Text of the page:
Tragic accident shines light on Elias' natural ability to help others

OT student doing research with child
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Tragic accident sheds light on Elias’ natural ability to help others

Watch Ted Elias interact with classmates and help care for a volunteer patient in an occupational therapy setting, and he looks like a natural when it comes to helping those in need.

“Ted has a background in teaching and is a natural researcher, listener and problem solver,” says Debbie Bebeau, an occupational therapy clini¬≠cal instructor at UW–Madison. “He is amazingly patient, considerate and respectful to all.”

Ted and Tabea Elias
Ted and Tabeau Elias share a laugh during an
occupational therapy training session this past
spring.
Despite these attributes, Elias’ drive to earn a master’s degree from the Department of Kinesiology’s Occupational Therapy (OT) program has been anything but easy. He started the OT program in the fall of 2013 — more than a decade after he earned an undergraduate degree in history and then gave teaching a try.

“I was a musician and artist in high school, so the sciences weren’t really up my alley,” says Elias, who had to pass an anatomy and physiology class in the fall of 2012 before he could even apply to the OT program. “So I’ve had to get over that fear, and then just getting back into the groove of college took some getting used to. But even though it’s been challenging, I’ve really enjoyed being a part of the OT program.”

The biggest obstacle to pursuing the master’s degree, however, is the fact that Elias also is the primary caretaker for his 9-year-old daughter, Isabella, and his wife, Tabea, who suffered a traumatic brain injury nearly a decade ago.

• • •

It was January 2005 when the lives of Ted and Tabea Elias were forever changed. One moment, they were a young, active couple and the proud parents of a 5-month-old daughter. The next, Tabea was fighting for her life. While she was putting Isabella into her infant car seat, another vehicle sideswiped Tabea. Amazingly, Isabella wasn’t seriously injured. Tabea wasn’t nearly as fortunate.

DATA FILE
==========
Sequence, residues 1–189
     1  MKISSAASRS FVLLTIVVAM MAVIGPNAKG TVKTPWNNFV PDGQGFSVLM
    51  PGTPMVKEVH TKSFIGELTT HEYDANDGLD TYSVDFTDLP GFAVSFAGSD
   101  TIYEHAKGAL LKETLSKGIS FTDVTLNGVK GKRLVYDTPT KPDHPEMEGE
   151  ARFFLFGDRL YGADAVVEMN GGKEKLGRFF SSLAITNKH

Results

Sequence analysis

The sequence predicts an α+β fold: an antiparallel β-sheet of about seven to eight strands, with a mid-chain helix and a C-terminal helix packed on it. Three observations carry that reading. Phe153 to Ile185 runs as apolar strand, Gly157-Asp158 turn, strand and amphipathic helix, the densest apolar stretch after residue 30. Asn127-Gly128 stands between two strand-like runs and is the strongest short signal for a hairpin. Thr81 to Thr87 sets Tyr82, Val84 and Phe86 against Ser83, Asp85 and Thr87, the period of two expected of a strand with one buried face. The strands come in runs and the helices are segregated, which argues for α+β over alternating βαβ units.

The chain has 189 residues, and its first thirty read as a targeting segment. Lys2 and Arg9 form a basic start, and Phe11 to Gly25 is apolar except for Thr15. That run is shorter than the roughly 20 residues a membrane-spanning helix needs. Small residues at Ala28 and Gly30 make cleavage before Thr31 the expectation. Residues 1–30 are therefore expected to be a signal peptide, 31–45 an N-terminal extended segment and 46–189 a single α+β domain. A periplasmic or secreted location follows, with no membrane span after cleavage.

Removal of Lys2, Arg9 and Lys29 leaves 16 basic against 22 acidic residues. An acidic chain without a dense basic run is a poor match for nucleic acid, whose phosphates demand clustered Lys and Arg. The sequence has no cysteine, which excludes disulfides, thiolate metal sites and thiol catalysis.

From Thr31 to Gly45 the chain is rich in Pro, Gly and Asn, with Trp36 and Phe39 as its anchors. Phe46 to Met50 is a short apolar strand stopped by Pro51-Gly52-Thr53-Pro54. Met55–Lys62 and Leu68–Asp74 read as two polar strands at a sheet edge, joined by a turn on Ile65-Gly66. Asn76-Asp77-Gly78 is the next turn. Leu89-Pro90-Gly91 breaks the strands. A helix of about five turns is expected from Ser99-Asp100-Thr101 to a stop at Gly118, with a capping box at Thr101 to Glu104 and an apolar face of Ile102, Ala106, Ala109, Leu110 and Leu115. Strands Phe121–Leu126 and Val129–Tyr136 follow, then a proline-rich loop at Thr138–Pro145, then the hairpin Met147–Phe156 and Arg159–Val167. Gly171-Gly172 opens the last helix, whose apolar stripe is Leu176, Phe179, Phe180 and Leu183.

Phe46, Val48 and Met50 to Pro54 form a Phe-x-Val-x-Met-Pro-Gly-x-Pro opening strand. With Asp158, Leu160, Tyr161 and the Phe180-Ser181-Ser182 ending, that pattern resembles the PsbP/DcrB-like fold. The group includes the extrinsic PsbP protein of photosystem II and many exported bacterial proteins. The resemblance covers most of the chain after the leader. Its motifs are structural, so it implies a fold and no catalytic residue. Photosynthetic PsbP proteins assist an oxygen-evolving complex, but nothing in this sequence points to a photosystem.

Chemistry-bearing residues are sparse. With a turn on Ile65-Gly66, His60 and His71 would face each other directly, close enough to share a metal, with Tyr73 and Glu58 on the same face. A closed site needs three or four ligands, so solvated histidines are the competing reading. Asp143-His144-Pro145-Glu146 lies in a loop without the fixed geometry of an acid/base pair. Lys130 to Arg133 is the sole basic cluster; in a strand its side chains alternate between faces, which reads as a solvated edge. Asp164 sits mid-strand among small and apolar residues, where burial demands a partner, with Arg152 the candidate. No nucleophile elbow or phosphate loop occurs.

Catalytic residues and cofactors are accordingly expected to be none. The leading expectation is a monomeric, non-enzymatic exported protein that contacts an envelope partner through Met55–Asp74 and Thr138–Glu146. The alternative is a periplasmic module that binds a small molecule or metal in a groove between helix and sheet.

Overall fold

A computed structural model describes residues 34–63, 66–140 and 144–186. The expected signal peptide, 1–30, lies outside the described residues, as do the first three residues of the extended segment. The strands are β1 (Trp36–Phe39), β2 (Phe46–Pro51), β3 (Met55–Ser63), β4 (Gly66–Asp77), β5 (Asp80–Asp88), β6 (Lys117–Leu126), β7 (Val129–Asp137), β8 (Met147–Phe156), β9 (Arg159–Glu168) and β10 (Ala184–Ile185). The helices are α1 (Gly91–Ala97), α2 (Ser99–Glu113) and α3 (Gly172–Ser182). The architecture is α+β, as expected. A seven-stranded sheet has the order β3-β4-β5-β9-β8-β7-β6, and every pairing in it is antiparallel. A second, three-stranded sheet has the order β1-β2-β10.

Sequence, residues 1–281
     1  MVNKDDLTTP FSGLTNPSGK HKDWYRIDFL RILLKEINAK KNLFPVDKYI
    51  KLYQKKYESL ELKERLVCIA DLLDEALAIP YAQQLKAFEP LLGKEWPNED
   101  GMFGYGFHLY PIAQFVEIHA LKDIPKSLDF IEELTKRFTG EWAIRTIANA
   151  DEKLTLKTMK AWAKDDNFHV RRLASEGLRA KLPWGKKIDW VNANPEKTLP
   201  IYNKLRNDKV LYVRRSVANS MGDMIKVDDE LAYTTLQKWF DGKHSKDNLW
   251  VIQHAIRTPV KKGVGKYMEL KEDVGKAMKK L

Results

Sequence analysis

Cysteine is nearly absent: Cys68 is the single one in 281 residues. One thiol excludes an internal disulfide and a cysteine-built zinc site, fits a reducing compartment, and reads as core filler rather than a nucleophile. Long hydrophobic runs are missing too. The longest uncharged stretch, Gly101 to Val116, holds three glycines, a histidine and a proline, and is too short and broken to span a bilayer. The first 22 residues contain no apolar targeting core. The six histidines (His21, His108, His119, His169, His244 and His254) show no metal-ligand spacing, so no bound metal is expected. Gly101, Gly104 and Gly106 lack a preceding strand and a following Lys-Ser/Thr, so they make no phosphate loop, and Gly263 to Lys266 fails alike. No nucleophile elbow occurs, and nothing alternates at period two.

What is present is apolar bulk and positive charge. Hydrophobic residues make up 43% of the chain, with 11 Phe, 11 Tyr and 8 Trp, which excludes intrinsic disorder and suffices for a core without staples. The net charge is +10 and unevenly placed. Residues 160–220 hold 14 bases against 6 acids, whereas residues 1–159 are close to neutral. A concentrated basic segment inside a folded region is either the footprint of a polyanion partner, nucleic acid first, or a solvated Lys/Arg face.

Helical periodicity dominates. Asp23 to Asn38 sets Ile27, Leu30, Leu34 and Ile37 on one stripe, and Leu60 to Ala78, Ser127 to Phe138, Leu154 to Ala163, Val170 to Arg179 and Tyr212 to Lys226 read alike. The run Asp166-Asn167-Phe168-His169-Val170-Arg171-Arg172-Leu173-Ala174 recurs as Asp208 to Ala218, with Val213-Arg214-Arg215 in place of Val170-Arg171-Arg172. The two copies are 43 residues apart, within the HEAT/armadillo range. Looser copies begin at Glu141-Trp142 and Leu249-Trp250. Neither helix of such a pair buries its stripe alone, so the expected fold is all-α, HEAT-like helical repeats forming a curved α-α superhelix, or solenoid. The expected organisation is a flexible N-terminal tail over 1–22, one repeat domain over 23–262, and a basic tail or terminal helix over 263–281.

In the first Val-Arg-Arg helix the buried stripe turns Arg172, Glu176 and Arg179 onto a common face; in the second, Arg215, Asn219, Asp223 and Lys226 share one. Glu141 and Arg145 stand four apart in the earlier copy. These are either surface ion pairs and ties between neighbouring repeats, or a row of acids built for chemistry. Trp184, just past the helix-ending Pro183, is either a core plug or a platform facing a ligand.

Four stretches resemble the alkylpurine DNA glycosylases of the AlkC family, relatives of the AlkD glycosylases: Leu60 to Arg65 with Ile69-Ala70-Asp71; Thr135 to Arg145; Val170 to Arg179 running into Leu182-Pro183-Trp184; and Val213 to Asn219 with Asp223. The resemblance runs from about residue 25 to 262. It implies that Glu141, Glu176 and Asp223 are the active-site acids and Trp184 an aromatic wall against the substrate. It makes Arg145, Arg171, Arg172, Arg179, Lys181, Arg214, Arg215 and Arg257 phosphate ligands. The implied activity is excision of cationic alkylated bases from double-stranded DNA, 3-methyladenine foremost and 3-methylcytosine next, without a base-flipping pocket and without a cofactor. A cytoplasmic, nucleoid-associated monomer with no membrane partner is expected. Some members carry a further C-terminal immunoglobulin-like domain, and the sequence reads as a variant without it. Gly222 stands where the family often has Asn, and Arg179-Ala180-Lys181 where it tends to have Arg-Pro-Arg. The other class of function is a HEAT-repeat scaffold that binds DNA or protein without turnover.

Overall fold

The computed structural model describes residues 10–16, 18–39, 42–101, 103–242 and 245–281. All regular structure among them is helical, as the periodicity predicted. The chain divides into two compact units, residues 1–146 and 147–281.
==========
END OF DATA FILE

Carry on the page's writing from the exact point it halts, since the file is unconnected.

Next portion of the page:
She spent two months in a coma before gradually working her way back to consciousness. Tabea was then transferred to a long-term brain injury unit, where she continued to make slow progress and eventually was able to return home with Ted. Tabea barely spoke for that first year and displayed profound deficits, such as a significant lack of coordination and severe short-term memory challenges.

And since the current healthcare system isn’t designed to manage and care for those with chronic injury or illness, Ted — in addition to caring for a toddler — was tasked with helping Tabea make strides in her recovery.

Bebeau, a veteran therapist with more than 15 years of experience in the field, reports that she has witnessed many similar situations over the years in which people care for a loved one without consistent help from healthcare professionals. In most instances, Bebeau says that these patients have significant physical limitations and often display obvious signs of depression.

What stood out about Tabea, recalls Bebeau, was her physical, emotional and mental state.

“Tabea had stopped receiving the professional skilled services several years earlier but Ted had seamlessly assumed the roles of physical therapist, occupational therapist, speech therapist and health care advocate — all while continuing his roles as husband and father,” says Bebeau.